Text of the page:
A novel combination treatment may increase the ability of monoclonal antibodies to control viral infection in patients diagnosed with HIV, according to a Northwestern Medicine study published in Science Translational Medicine.
“This really demonstrates that that we should combine broadly neutralizing antibodies with other immunostimulatory agents, especially those that may impact immune response. If we want to use broadly neutralizing antibodies to cure, we need to find the right combination,” said Elena Martinelli, PhD, MPH, research professor of Cell and Developmental Biology and senior author of the study.
Neutralizing antibodies, a key component of the body’s adaptive immune response in fighting against viruses and other pathogens, bind to the surface of infected cells and inhibit them from interacting with and infecting healthy host cells. Previous research has shown that these broadly neutralizing antibodies can promote the body’s immune response, specifically by increasing T-cell and antibody responses in patients diagnosed with HIV.
Additionally, past research efforts led by Martinelli discovered that cells which express the cellular receptor Integrin alpha 4 beta 7 are more commonly infected by HIV and promote pathogenesis. Understanding exactly how an individual’s immune response reacts in the presence of neutralizing antibodies is essential to developing novel therapeutic interventions for treating HIV, according to Martinelli.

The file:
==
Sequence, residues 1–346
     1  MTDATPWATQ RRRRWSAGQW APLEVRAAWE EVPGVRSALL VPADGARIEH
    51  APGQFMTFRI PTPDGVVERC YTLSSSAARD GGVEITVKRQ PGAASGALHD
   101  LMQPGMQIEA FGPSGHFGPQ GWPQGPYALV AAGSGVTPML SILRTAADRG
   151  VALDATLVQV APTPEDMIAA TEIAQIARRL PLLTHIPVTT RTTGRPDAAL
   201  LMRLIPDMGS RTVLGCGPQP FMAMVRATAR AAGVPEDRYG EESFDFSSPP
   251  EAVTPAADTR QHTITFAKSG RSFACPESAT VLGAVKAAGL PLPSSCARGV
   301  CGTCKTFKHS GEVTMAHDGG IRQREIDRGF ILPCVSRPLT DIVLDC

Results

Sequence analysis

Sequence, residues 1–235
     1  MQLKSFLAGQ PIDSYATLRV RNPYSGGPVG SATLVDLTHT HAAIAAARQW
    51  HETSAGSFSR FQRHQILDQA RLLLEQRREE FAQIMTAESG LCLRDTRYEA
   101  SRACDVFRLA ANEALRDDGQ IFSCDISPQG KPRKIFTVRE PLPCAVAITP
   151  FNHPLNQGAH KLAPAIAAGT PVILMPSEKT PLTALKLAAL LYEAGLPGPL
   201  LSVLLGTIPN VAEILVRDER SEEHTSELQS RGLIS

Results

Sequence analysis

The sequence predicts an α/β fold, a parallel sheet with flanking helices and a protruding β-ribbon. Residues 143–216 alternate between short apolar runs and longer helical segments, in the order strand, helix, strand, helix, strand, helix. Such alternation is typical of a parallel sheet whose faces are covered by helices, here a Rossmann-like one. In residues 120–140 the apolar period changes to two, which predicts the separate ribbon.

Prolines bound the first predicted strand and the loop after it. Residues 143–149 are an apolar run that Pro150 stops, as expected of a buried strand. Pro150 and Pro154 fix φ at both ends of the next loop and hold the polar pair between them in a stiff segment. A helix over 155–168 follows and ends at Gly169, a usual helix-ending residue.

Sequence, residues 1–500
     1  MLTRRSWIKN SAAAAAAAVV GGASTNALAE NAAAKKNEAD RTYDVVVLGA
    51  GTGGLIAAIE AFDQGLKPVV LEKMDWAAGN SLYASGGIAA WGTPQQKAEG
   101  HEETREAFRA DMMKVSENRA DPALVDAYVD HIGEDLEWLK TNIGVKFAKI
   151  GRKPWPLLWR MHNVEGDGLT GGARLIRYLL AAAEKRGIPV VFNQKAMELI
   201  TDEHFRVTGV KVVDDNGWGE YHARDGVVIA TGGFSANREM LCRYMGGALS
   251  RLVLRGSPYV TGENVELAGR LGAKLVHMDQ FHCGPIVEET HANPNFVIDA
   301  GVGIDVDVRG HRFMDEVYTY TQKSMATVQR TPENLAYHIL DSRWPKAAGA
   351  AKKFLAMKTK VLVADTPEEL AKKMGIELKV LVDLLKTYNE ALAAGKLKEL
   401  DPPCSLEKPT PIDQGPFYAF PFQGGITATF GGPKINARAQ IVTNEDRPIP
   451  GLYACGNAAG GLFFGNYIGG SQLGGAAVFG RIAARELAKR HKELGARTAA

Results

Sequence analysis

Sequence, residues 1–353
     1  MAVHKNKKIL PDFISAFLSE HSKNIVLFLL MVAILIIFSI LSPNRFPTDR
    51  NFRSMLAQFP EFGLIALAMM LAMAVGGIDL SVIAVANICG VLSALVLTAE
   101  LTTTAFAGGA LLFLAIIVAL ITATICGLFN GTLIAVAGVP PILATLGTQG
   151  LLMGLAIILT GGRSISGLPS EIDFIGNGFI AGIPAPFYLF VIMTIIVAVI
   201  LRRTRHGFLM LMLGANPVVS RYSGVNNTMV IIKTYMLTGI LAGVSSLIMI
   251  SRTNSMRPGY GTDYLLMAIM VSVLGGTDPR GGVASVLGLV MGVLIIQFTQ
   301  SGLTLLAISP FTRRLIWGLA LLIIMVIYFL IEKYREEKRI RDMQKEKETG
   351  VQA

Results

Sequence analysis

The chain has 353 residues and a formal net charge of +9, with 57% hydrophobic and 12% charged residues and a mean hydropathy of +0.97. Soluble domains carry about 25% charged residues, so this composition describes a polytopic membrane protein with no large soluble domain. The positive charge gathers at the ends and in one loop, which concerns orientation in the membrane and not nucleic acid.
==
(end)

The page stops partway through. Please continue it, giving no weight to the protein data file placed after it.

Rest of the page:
For the current study, investigators administered anti-HIV broadly neutralizing antibodies (bNAbs) or a combination of bNAbs and an anti-alpha 4 beta 7 monoclonal antibody in animal models of HIV-infection.
Overall, the combination therapy group demonstrated lower viral load — the amount of a virus present in bodily fluids — until the end of the study’s follow-up period compared to the group that received bNAbs alone.
The study underscores the therapeutic potential in using a combination of neutralizing antibodies and immunostimulatory agents to increase immune response for patients with HIV, according to Martinelli. As for next steps, Martinelli said it will be essential to study the combination treatment administered in additional models of HIV-infection that also received HIV antiretroviral therapy.
“There is a lot of work right now trying to make these antibodies more potent and make them last longer, which is great, but I also think there is space to improve the functionality of these antibodies by combining them with other immunostimulatory agents,” Martinelli said.
Thomas Hope, PhD, professor of Cell and Developmental Biology, of Obstetrics and Gynecology and a member of the Robert H. Lurie Comprehensive Cancer Center of Northwestern University, was a co-author of the study.
This work was supported by the National Institute of Allergy and Infectious Diseases grant R01AI098546-06.